Often times in business we get caught up in the evolution of day to day activities. We lose track of why we are doing what we are doing. This is no different when it comes to marketing a business. While marketing can be a contributing factor to increasing revenue, it often is looked at second or third or further down the operation food chain against everything else within a business. Marketing can be forgotten about based on how a business is performing. The idea of marketing in business can become of reaction to suffering sales. It usually comes to the forefront when businesses are suffering and wondering why they are not getting new leads. Marketing can become an afterthought to business if the current marketing strategy is working with maintaining current revenue. The balance of marketing to gain new business must be incorporated into the business plan. Businesses must evolve and grow. Marketing is the key element to businesses growing.
In order to keep marketing in the forefront of a business, it is important to develop marketing objectives. There are many different strategies or techniques to develop marketing objectives for a business. However, there is one way within the marketing industry I prefer most.
The marketing strategy I prefer most is SMART. SMART is an acronym for:
“The purpose therefore of setting SMART objectives is to clarify where you want to be, providing a measurable objective that can be monitored and plans developed to help meet the business goals.” (Win Marketing, 2019)
Being specific in your goals is important to the interpretation of the business team. The more clear and simple you can make the goals, the better off you are in your team interpreting the goals accurately and achieving those goals. Making your goals measurable will add value as you achieve those goals. By making your goals measureable, you have a tangible destination for what you are trying to achieve. Measurable and Achievable go hand in hand as you want goals you can measure; also, you want to have achievable goals. Nothing can decrease the morale of a team more than never reaching goals. We have to be realistic in goal setting as to measure and achieve the goals set for the team. Companies will set unachievable goals time and time again. This does nothing good for the company. Realign what is valuable to the company in your goal setting and make them achievable. Be realistic in your goal setting. Even the smallest goal achieved is making progress toward the bigger goals and will build morale within the team. Having smaller realistic goals can lead up to an overall accomplishment or main goal. One thing SMART doesn’t really cover which I would like to add is ‘celebrate the wins’. Celebrating the wins will increase morale, team activity, and build momentum. Last of the SMART objectives is to be time specific. This is usually hard to gauge with being achievable and realistic. Often times, the time constraints are the number one unrealistic projection within SMART. I would always recommend a consensus among the team when it comes to being time specific. If you project too much time, then marketing projects may be delayed. If you forecast too little time, then you are making the objectives unrealistic and unachievable. Being time specific does engage when a goal needs to be complete. Otherwise, you have goals which never are completed. While you can change the time specifications, I would recommend reevaluating the goal and determining why it wasn’t met within the time constraints before extending goal times. Also, you may want to recognize smaller accomplishments within the goal and realign the goal to more realistic time constraints based on the remainder of tasks due to be complete.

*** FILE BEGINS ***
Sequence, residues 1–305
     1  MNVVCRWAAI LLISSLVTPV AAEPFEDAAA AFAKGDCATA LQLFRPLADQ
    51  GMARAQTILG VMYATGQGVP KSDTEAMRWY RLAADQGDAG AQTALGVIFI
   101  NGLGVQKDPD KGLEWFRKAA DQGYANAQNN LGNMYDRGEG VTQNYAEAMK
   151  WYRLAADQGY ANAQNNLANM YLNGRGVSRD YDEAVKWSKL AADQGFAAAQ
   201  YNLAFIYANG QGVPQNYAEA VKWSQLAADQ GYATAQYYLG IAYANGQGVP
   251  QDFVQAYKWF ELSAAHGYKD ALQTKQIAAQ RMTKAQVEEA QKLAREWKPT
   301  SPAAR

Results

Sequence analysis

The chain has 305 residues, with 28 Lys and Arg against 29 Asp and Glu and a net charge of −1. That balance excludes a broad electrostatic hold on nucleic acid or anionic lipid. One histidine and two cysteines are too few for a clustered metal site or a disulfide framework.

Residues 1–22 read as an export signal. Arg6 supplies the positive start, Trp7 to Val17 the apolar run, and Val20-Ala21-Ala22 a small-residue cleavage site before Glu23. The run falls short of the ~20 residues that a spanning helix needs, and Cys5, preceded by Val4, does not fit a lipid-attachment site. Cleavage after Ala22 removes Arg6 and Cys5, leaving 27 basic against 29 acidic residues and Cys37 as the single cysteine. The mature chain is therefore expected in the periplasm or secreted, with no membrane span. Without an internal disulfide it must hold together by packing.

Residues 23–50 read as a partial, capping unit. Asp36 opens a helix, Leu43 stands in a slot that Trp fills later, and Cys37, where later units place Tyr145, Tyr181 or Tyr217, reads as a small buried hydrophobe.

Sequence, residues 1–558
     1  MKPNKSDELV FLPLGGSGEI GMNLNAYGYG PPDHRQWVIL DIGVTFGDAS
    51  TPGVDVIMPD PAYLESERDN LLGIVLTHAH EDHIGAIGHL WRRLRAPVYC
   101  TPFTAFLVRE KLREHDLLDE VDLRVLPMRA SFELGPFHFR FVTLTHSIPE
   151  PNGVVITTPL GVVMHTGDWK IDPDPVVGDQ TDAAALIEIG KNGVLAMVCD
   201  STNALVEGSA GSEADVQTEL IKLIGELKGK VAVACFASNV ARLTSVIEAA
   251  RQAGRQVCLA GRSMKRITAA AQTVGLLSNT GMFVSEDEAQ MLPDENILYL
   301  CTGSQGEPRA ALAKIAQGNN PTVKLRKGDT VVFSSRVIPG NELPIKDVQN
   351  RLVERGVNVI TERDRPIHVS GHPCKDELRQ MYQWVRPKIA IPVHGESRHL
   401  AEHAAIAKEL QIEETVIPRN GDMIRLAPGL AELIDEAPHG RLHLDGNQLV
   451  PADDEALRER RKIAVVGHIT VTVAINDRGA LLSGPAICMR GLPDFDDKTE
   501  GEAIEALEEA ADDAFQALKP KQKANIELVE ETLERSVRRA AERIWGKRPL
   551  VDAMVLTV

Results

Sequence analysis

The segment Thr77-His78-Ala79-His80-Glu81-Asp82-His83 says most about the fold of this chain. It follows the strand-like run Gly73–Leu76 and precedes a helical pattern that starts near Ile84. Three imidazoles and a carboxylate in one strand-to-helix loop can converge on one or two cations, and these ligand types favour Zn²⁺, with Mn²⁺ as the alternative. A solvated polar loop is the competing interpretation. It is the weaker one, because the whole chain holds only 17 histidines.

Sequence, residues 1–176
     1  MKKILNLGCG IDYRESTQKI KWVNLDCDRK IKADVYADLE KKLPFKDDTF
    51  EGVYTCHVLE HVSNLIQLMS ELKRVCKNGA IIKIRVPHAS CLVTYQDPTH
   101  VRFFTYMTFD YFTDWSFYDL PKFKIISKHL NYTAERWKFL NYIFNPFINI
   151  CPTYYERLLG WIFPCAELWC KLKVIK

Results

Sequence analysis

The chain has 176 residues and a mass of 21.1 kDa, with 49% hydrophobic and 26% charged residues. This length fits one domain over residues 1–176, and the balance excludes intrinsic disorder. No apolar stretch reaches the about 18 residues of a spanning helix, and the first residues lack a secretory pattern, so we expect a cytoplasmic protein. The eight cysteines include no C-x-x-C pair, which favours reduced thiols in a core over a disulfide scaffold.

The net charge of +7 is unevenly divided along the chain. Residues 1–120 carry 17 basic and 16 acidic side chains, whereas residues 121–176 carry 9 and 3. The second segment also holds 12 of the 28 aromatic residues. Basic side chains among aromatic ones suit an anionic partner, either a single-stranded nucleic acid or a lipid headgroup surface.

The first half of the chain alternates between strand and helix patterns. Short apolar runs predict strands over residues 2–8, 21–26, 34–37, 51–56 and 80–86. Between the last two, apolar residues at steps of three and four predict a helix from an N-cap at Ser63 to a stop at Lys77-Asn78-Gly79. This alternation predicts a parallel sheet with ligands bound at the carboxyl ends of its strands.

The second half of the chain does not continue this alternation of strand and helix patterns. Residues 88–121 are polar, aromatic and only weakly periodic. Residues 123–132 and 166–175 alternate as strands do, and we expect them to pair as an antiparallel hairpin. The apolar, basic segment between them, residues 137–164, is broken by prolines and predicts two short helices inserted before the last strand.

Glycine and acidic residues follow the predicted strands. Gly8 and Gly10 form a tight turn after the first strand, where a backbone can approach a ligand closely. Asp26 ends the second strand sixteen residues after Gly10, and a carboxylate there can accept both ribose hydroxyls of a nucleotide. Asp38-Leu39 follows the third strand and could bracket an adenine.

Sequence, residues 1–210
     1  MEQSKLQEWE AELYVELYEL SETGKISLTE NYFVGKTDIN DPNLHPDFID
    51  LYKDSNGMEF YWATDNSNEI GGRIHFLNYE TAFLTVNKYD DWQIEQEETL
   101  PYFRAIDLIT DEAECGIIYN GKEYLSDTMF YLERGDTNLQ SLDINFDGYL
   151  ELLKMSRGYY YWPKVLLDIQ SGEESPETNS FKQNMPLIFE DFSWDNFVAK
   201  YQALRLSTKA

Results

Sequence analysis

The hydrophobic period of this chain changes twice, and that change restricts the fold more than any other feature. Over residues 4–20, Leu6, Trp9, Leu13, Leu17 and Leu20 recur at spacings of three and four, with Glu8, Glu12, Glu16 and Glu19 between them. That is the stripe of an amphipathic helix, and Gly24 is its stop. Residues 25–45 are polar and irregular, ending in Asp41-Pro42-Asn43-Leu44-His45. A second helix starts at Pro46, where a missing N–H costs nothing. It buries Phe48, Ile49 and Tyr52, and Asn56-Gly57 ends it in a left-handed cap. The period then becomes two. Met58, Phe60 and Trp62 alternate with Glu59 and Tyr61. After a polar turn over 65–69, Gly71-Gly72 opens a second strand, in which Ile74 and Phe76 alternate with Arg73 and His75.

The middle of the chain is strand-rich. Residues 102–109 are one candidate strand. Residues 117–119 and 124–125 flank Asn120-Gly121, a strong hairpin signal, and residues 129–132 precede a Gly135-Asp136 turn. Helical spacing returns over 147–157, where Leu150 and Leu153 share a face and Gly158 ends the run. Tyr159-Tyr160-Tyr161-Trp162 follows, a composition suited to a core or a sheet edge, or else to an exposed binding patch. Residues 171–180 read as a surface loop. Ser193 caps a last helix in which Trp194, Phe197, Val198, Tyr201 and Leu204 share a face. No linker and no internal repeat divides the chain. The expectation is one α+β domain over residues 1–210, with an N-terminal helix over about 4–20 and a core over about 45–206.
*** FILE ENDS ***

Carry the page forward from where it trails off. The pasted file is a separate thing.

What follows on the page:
On the contrary to using something like SMART, the ethical dilemma with not using a clear and objective goal setting strategy is everyone will assume their own goals and strategies. This can cause confusion and discourse among the employees. It can decrease morale as equity sensitivity becomes rampant. Through experience, I have seen this as each department will take on its own personality and culture sometimes even well outside the direction of the company. This can lead to disgruntle employees. Human resource issues can arise due to lack of clarity in objectives and tasks. If the mission is specific and clear, measurable, achievable, and realistic for accountability, and time specific; then, the message should be clear to all involved.